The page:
In their family were the following children: Valentine, who went to California in 1849, after which all traces of him were lost; John, who went to California and after making considerable money returned to Illinois, where he is now a wealthy citizen; Henry, who served in the Second Nebraska Cavalry during the Civil war and after his return died on the old home farm in Kansas; Mary, the wife of J. Grider; and Adam and Michael, of Fredonia. After the death of the mother the father married Margaret Okeson. who had three children by her first marriage: William, who served in the Union army during the Civil war, dying soon after his return; Isaac, who served in the army and died after receiving his discharge; and Margaret, the wife of J. Smith. Unto Mr. and Mrs. Schmitt were born four children: George; Fred, of Salem, Nebraska; Jacob, a farmer of this county; and Lewis, also of Salem. After the death of his second wife Mr. Schmitt married Mrs. Ordway, who had children by her first marriage. They became the parents of a son, Charles, who became a stenographer and while in charge of the office in which he was employed he was killed by burglars. Mr. Schmitt's next wife was Fanny Williams, by whom he had three children, one of whom died in childhood. The others are Joseph, of Nebraska, and Mrs. Anna Nicodemus.
Adam Schmitt, whose name introduces this review, was reared to habits of industry and honesty upon the home farm and pursued his education in the subscription schools of this state. He remained under the parental roof until the fall of 1861, when he enlisted in Company A, Seventh Kansas Cavalry, at Highlands. He was mustered in at Leavenworth, the regiment being assigned to the western department, and participated in many hotly contested engagements under various generals, including the battle of Lexington, Missouri, under Colonel Mulligan. He also took part in many skirmishes, went on several reconnoitering expeditions and experienced all the hardships of war. He was in the battle of Corinth and other engagements and served as bugler in his company, but was never wounded or captured. After two and a half years of .service he re-enlisted and obtained a thirty-days furlough, which he spent at home visiting his people. On the expiration of that period he rejoined his command and served until the close of the war. At the time of General Lee's surrender he was at Cape Girardeau and was sent by boat to Omaha and from there to Fort Kearney, but after a short time his command was relieved by another regiment and Mr. Schmitt and his comrades were sent back to Fort Leavenworth, where they received an honorable discharge and were mustered out.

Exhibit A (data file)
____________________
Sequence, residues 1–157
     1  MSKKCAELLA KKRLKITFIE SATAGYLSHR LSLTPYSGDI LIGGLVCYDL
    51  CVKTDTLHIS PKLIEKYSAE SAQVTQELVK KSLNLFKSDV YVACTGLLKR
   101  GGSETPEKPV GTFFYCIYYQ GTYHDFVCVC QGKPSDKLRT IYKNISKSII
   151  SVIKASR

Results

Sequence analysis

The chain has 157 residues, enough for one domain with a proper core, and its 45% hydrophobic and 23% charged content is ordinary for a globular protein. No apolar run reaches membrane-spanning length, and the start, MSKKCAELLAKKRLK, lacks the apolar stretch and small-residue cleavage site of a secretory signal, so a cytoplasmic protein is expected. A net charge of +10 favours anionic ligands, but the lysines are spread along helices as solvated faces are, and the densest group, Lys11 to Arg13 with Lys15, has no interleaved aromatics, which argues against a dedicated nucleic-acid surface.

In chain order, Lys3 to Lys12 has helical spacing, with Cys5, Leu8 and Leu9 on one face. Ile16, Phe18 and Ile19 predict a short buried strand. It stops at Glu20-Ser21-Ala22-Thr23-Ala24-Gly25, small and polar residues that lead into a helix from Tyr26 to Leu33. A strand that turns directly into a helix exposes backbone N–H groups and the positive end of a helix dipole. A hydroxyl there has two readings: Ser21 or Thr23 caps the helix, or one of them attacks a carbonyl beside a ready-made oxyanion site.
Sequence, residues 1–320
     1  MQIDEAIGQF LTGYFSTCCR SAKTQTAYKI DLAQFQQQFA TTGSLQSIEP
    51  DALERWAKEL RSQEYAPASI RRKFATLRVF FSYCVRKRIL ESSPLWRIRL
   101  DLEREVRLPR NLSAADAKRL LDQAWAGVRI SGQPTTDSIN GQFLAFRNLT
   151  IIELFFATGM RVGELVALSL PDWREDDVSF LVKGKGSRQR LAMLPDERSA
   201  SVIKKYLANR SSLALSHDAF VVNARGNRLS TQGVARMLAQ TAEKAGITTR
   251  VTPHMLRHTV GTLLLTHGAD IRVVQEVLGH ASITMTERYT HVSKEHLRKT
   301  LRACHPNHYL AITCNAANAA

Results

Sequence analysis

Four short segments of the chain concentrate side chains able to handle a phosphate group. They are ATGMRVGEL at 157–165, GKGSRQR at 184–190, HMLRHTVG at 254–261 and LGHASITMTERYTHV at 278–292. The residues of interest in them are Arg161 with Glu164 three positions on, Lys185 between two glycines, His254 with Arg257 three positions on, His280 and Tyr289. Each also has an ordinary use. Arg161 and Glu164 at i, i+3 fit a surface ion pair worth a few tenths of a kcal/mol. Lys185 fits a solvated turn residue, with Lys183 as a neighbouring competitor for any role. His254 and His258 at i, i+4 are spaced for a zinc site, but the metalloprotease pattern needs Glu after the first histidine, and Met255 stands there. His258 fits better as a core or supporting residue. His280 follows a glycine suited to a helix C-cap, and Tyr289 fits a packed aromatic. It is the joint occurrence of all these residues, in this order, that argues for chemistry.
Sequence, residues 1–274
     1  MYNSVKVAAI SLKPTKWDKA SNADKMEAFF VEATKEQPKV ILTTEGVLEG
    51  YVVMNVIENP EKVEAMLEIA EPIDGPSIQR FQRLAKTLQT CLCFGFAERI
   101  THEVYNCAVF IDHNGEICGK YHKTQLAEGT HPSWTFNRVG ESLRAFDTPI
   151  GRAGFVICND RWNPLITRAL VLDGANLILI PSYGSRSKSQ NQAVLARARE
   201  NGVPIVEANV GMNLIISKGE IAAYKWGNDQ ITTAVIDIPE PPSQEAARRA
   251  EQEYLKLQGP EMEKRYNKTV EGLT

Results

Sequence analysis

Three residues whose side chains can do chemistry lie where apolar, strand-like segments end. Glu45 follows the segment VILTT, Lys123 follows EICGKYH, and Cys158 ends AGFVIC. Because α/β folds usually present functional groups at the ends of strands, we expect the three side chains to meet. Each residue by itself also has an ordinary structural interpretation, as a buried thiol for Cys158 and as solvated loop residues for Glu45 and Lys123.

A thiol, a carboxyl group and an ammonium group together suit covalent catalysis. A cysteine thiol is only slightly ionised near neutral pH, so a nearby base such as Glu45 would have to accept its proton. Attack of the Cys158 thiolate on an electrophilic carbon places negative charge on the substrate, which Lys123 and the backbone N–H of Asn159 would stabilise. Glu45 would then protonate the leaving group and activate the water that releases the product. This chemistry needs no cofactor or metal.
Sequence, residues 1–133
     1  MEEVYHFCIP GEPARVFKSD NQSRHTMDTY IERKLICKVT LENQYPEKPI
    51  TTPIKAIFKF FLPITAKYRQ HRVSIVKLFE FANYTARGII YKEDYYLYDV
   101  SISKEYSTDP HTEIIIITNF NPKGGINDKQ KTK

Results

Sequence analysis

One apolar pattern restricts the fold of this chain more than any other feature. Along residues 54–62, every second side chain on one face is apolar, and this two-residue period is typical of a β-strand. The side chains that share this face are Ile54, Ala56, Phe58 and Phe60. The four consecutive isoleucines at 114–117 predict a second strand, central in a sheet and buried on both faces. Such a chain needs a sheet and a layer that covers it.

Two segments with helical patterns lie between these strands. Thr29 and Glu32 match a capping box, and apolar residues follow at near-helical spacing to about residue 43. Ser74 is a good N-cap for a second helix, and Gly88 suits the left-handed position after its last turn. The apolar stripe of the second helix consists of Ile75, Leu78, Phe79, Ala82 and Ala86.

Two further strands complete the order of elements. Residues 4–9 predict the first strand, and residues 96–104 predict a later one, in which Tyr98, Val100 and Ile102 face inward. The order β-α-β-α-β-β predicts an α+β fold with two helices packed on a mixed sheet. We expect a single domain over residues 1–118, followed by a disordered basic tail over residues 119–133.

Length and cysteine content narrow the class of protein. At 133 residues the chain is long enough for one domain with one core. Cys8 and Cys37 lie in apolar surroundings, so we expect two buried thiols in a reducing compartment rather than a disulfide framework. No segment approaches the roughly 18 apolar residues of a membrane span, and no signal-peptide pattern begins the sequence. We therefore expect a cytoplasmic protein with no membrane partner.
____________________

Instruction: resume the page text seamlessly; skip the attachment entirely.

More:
For some years after his return home our subject worked at whatever he could get to do that would yield him an honest living. After some years he purchased and improved a farm and later traded that property for the farm on which he now resides. In December, 1878, he married Miss Polly Hampton, who was born in Virginia and with her parents removed to Illinois. thence to Missouri and later to Kansas. Her father was Elisha T. Hampton of Virginia. who served for three years in the Federal army during the civil war. In politics he was a Republican and his death occurred in Brown county, where he had engaged in farming for some years. His wife still survives him. In their family were seven children: Joseph; Mrs. Nancy Tate; Adam; Elizabeth, the wife of J. Schmitt; Elsia, the wife of J. Frymire; Emma, the wife of C. Nicols; and Julia, the wife of R. Huttleson.
Unto Mr. and Mrs. Schmitt have been born nine children: Thomas, Laura B., Jessie, Richard, Minnie, Ella, Lena, Walter and Clarence. The family circle yet remains unbroken and the children are all yet under the parental roof. The family are members of the Evangelical church and in politics Mr. Schmitt is a Republican, earnestly advocating the principles of the party, yet never seeking office. His life has been one of industrious and honest toil and his position stands as a monument to his well-directed efforts.